Braces Wire Swallowed A Decade Earlier Causes Woman's Stomach Pain

A piece of a dental wire perforated several spots in a woman's small intestine

It was only discovered after she was admitted to hospital following two days of worsening stomach pain, explain doctors in the online journal BMJ Case Reports.

The woman, who is in her 30s, went to her local hospital in Australia complaining about cramping and serious abdominal pain.

At first, doctors thought the pain was caused by her gall bladder and sent her home after it stopped.

"She was so unwell that we had to take her to theatre straight away to extract whatever it was, and it turned out to be a seven-centimetre piece of orthodontic wire from braces she had 10 years earlier". A C-T scan revealed something had punctured several places in her intestine.

Though the 30-year-old woman had no memory of swallowing the wire at the time of her braces removal, she eventually felt its presence. The woman had no recollection of ever swallowing or missing a part of her braces. The cause: that long-forgotten wire puncturing her small intestine, a condition called "volvulus". Often, patients come to the emergency room with such stomach pain after swallowing fish bones which then perforate the bowels.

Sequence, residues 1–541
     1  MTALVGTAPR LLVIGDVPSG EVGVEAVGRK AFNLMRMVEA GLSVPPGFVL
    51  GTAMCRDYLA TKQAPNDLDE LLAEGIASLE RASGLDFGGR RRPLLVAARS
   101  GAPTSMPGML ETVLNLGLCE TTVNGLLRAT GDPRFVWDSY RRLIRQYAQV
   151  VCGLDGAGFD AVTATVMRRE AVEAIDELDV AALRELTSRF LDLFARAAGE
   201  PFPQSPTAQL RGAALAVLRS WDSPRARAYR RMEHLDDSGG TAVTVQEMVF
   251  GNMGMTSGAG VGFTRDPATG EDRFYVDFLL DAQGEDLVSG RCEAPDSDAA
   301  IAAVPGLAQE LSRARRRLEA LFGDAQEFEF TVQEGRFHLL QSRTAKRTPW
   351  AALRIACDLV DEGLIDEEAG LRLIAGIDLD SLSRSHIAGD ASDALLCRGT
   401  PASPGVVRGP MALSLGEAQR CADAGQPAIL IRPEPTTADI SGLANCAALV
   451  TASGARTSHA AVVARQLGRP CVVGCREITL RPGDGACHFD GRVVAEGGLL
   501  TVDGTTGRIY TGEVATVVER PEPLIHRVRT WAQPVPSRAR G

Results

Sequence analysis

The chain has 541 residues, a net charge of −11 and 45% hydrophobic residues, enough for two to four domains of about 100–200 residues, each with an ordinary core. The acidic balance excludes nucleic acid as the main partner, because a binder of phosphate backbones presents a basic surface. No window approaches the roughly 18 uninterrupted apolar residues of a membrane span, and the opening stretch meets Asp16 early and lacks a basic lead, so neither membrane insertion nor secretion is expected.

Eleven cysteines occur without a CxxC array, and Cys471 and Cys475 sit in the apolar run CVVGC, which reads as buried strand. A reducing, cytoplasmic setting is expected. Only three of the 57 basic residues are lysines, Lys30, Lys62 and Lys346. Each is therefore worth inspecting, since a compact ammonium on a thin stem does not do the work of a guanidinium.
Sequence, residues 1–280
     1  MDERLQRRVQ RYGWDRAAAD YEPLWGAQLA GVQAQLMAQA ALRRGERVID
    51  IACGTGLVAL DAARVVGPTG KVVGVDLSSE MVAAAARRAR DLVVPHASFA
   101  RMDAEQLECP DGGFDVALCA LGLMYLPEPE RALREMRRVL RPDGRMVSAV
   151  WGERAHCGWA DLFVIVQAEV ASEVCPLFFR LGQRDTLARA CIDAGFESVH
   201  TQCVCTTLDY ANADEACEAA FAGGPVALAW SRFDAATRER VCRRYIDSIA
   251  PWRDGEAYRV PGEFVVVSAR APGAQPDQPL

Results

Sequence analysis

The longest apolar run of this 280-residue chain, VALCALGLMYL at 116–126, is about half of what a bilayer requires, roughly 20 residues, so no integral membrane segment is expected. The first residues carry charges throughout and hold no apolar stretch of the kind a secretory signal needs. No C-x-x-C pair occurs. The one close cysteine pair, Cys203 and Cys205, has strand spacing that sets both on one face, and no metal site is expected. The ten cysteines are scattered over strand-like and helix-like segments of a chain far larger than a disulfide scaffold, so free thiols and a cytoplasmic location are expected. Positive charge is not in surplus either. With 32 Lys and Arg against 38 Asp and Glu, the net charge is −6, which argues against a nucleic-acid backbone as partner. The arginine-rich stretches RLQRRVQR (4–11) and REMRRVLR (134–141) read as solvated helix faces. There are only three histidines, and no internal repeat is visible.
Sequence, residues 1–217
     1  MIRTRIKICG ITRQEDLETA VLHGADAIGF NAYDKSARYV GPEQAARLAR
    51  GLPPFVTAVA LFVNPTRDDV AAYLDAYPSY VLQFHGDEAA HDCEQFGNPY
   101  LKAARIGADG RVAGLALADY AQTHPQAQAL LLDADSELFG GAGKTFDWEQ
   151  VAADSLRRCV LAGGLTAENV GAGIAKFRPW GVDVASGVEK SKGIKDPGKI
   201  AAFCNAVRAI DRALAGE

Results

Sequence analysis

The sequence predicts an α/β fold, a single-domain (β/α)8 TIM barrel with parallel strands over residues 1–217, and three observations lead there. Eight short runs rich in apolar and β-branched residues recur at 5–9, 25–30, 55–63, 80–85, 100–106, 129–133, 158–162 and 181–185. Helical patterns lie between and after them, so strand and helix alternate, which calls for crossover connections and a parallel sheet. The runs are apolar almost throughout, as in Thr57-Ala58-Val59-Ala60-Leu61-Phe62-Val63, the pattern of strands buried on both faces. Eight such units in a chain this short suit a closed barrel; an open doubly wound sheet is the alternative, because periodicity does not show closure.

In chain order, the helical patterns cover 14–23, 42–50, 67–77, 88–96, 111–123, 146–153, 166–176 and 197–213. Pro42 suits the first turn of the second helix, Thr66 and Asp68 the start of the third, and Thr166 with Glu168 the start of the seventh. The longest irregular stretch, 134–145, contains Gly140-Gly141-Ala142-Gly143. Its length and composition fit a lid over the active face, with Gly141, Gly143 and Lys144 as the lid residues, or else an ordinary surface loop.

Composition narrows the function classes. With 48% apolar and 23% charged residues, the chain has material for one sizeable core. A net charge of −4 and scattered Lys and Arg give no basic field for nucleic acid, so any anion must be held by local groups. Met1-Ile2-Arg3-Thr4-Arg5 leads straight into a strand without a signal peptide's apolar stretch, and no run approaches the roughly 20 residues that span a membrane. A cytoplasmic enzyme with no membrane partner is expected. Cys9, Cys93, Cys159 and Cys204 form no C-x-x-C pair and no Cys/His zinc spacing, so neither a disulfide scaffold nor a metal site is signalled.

She pointed out that the case was a rare occurrence.

Fortunately, the wire didn't cause any severe damage to the woman's stomach. "There might be a higher chance if you're sedated and undergo a dental procedure", Shepherd said.

Gastroenterologist and professor of medicine Dr.

"But if people swallow batteries, children swallow magnets, or sharp objects like razor blades or packages of cocaine, that's where we get involved to actively remove them", Bell added.



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